Learning by Playing
Traveling through the subways in NYC, you often hear the underground echoing with live music. Sometimes I can’t wait to get away from it, but often I am surprised by the quality of the musicianship. Where did these talented artists come from? Where did they learn their trade? Born in Tunisia, Najib Bahri is an accomplished percussionist who specializes in playing the Darbouka and invented the electronic Darbouka. He first learned the instrument from his uncle and pursued his interests by attending the Tunisian National Conservatory of Music, and later, while studying in France, developed a taste for performance in Parisian nightclubs and other venues.
Najib believes that music can teach people how to relax which is why he spends much of his free time playing for the public in NYC’s subway system. He is part of the organized transit musicians called MUNY (Music Under New York) which is an organization of about 100 musicians. Over the years, he has researched different world rhythms and accompanied some of the most prestigious musicians of the Arab world.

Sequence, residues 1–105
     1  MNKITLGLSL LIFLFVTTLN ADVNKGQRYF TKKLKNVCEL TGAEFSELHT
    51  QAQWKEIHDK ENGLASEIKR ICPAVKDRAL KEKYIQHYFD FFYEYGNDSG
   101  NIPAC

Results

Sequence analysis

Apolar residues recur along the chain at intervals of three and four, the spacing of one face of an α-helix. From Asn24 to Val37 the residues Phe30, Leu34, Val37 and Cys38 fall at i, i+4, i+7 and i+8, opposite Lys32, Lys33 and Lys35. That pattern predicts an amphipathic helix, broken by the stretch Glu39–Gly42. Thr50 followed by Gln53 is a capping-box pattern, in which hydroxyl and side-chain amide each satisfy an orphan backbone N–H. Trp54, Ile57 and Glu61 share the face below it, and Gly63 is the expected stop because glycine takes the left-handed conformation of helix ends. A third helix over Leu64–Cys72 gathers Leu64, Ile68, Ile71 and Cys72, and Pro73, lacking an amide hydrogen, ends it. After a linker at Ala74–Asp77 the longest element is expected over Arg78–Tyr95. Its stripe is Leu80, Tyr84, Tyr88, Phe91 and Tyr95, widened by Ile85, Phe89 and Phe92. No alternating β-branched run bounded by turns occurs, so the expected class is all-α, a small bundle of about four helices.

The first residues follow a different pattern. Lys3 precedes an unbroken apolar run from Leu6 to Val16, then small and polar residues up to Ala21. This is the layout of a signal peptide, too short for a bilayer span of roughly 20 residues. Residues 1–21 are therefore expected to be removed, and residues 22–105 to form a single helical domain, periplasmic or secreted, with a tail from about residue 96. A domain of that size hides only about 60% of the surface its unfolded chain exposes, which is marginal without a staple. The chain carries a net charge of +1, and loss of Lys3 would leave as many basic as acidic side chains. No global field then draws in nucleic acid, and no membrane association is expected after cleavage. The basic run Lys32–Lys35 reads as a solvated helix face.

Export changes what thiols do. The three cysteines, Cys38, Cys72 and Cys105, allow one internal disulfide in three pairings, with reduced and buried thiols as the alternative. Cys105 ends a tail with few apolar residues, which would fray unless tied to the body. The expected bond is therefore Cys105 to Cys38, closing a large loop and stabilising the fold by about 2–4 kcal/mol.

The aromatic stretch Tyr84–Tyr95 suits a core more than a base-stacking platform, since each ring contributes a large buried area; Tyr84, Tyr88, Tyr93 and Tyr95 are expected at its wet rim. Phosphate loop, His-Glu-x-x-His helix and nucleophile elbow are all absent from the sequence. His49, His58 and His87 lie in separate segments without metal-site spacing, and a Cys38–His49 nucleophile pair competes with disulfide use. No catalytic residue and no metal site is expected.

Teaching with Video
When does learning happen? The producers of this video allowed a routine moment that many of us would ignore–hearing someone drumming in the subway–lead to a learning experience. How many learning opportunities do we skip by each day? What would it mean for us to listen to John Dewey’s words in Democracy and Education and try to learn from “all of the contacts of life”?
Excerpt from video
“When you breathe the beat, you learn it when you say it. But when you just play without knowing or saying it breathing it, your tempo will go up and down so the beat will make you stress at certain times. I feel so relaxed and that’s why I go to the subways to see those people who are uptight and make them laid back and relaxed.”